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At the start of the coronavirus pandemic, the fear of the silent killer circulating among workplaces sent workers across all sectors of the economy home. No one wanted to share close quarters with their coworkers.
Now the vast majority of white-collar desk workers are still working from home, but many never got that chance. Nurses, doctors, corrections officers, firefighters, grocery store employees, and other retail workers are all on the job, and many are contracting — and dying of — COVID-19.
Many work-related illnesses and injuries are covered by workers' compensation benefits, which cover medical care and a portion of lost wages.
However, diseases that quickly spread, like colds and influenza, are often not covered by workers' comp benefits, because it can be challenging to prove that you contracted the illness while on the job.
And now comes COVID-19. With untraceable community spread happening across the country, it can be difficult to pin down exactly where a grocery worker contracted the disease. Common sense may lead you to believe that a nurse or bus driver contracting COVID-19 happened because of their work. But the case is not as clear cut as a coal miner developing black lung, for example.
As of late August, 19 states have expanded workers' compensation benefits in some form, according to the National Conference of State Legislatures. In most of those states, governors used executive orders, or lawmakers voted to expand coverage to first responders, hospital workers, and other essential workers, although coverage varies by state. These states include:
Arkansas currently extends workers' comp benefits to all workers who contract COVID-19, but it does not grant a presumption of coverage. That means workers still have to prove that their diagnosis is linked to their work. For workers who live somewhere without extensive contact tracing or testing, this won't be easy to prove.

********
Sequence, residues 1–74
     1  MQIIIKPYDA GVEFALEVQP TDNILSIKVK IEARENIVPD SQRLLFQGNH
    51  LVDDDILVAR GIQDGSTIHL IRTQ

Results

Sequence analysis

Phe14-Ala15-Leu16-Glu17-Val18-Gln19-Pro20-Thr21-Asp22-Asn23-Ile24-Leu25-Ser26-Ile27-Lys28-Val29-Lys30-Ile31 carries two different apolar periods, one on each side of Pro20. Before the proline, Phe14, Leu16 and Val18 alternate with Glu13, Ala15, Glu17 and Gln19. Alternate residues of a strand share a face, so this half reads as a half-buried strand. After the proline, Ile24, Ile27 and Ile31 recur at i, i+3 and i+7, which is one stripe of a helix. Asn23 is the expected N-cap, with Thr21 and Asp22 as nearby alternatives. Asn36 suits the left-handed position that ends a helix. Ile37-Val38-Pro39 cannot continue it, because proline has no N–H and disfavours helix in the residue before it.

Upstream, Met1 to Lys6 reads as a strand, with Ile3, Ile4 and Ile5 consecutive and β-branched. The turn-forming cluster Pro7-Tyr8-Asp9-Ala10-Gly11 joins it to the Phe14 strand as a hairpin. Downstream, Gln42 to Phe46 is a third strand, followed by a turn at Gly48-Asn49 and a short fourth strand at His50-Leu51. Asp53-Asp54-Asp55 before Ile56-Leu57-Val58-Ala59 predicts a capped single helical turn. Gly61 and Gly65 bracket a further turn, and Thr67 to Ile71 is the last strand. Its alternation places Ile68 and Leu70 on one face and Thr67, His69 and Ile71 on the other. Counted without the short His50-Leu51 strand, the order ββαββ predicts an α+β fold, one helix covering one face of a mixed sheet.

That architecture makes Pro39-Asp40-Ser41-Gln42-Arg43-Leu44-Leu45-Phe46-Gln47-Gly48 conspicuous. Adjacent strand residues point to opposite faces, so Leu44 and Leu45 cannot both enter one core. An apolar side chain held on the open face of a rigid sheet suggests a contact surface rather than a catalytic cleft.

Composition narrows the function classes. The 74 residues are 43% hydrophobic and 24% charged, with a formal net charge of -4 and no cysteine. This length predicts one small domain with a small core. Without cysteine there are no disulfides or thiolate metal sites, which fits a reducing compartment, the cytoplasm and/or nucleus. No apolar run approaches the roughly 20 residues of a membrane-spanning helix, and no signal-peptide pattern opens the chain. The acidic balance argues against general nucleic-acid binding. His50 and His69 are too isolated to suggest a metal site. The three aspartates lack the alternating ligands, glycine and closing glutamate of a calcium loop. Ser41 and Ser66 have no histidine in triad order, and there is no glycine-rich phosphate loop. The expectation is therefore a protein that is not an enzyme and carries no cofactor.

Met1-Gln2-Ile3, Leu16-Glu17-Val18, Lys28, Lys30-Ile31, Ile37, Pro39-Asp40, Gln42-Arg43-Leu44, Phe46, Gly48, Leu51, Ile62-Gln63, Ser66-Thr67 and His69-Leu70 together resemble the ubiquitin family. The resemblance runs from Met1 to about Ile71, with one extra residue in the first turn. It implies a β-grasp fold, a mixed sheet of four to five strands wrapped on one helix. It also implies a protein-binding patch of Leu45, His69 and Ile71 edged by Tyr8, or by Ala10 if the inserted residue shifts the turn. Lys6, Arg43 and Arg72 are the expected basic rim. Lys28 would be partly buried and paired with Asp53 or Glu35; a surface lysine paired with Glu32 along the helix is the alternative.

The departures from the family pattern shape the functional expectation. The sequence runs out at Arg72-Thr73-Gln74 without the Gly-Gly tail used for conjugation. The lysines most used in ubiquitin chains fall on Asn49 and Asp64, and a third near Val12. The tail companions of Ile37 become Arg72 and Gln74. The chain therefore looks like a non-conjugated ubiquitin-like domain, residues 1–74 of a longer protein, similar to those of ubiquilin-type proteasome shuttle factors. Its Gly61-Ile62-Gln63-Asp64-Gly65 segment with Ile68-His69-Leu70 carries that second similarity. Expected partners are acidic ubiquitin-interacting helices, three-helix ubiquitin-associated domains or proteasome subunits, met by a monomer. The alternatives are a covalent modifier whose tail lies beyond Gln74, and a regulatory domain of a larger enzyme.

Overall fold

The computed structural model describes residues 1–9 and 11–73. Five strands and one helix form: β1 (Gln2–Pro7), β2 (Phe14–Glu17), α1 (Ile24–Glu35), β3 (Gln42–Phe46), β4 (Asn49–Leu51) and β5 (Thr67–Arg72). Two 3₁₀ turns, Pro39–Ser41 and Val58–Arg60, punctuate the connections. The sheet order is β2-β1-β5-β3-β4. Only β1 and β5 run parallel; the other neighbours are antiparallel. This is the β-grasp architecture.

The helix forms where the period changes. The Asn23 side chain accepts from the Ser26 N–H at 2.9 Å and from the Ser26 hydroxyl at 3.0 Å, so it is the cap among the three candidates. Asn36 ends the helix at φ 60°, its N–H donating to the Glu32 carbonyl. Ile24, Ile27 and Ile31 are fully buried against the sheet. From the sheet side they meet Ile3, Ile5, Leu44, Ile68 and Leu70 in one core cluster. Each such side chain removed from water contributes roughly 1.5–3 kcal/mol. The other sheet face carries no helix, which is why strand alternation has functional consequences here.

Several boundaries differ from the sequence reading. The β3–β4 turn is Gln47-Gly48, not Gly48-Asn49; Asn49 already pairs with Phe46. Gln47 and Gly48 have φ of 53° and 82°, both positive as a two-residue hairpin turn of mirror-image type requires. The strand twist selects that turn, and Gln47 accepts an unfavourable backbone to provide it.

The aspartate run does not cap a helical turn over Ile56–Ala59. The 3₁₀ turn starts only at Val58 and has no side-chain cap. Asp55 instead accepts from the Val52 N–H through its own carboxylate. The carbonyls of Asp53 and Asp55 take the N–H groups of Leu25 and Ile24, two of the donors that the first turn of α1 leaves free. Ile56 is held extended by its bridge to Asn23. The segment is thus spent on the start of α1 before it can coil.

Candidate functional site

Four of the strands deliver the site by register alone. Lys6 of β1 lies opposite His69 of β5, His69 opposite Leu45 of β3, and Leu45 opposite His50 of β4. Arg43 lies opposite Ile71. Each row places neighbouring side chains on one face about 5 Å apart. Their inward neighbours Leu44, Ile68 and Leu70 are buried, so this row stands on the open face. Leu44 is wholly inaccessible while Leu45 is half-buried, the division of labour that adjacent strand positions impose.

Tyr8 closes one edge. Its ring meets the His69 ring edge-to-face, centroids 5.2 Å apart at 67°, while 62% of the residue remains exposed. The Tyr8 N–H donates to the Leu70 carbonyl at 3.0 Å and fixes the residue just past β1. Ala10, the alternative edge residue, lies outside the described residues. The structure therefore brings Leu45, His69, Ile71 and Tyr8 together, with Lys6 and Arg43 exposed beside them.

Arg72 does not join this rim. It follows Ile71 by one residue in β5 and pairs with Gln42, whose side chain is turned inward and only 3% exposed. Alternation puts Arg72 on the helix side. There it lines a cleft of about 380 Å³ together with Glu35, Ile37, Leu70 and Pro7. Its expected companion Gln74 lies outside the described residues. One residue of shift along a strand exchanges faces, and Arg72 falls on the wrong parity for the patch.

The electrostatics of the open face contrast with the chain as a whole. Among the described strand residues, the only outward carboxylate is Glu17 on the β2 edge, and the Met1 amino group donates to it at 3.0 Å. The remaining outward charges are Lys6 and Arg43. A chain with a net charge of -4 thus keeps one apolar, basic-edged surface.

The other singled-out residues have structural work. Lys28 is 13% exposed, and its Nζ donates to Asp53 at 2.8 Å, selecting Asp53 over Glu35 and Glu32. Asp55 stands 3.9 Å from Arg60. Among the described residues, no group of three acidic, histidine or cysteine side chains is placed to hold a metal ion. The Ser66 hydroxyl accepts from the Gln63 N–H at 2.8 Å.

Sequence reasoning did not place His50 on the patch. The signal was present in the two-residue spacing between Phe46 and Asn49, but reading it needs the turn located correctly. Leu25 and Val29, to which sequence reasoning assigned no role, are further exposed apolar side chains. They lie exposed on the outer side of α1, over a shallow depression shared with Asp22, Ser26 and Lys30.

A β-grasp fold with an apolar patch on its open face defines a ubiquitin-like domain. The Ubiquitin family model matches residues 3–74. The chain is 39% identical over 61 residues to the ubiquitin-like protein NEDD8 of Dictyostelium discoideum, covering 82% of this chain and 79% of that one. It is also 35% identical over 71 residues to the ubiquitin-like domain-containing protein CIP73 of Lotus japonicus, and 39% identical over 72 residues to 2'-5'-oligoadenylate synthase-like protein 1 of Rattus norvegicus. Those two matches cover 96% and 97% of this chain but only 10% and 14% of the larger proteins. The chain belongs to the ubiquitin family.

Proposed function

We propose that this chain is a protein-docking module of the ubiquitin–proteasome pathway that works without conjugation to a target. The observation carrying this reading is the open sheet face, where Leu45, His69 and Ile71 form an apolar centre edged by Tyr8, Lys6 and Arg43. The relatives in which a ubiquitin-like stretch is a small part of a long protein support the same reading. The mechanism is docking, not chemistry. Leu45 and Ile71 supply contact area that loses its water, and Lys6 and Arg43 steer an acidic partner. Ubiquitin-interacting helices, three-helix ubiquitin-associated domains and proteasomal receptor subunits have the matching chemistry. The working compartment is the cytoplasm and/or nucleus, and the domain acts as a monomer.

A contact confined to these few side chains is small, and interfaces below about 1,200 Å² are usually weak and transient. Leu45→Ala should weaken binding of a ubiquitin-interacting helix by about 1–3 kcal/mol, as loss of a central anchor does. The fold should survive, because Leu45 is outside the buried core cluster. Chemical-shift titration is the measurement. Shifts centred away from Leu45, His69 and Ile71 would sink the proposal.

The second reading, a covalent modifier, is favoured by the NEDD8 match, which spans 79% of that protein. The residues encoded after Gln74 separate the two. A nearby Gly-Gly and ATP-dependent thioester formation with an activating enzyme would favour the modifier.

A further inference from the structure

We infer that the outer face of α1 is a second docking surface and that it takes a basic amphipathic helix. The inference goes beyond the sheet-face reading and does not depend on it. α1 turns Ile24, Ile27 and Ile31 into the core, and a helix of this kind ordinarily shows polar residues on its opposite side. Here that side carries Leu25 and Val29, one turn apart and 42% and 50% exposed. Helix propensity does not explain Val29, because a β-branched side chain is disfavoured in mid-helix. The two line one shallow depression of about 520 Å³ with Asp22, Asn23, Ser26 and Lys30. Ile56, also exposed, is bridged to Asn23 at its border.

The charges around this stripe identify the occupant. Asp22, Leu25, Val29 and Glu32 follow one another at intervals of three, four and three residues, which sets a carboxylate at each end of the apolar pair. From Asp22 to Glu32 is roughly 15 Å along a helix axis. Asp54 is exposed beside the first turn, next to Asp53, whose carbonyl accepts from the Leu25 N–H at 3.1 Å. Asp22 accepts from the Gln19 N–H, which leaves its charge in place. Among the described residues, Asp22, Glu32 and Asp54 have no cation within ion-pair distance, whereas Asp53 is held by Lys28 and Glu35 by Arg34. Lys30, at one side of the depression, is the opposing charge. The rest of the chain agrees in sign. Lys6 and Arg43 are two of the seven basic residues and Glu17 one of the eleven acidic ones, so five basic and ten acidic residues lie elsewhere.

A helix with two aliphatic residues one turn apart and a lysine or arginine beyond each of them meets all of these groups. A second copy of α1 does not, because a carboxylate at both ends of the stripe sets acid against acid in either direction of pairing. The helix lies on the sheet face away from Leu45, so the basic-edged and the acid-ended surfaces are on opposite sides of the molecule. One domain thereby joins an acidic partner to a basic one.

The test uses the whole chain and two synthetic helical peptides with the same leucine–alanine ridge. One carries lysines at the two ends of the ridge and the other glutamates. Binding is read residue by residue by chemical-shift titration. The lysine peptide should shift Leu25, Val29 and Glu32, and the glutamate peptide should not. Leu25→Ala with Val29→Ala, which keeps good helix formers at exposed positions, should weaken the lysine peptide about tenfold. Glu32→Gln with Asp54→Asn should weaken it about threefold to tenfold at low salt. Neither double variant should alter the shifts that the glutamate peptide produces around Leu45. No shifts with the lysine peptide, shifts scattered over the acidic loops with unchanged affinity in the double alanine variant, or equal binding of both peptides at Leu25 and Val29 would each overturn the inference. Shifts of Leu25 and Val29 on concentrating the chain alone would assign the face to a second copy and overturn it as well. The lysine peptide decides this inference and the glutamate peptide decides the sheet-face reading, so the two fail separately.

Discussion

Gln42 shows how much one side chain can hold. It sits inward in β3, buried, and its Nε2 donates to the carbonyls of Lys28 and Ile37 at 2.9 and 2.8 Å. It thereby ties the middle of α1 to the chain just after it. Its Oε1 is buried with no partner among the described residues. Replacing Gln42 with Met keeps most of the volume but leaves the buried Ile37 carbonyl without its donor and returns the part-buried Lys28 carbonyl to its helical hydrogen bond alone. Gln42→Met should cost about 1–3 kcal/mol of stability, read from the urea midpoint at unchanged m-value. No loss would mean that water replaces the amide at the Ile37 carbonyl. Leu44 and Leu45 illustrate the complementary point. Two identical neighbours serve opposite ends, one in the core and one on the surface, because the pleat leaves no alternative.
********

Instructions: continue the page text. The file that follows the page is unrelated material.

Wyoming law now covers all workers whose jobs qualify them for workers' compensation benefits, while granting a presumption of coverage.
And just this week, California Gov. Gavin Newsom signed a law making it much easier for workers who contract COVID-19 to collect workers' comp benefits. The bill gives a presumption of coverage to all first responders and health care workers, including janitors who come into contact with COVID-19 patients.
For all other workers, they will need to prove a workplace outbreak. For workplaces with five to 100 employees, that means at least four workers are infected in a two-week period. For workplaces with more than 100 employees, this means at least 4% of workers will need to test positive in a two-week period. While that may still be a difficult hurdle to clear, it is at least something.
For workers in all other states, you will need to speak with your boss, union rep, or a workers' compensation lawyer if you have questions about your options and rights.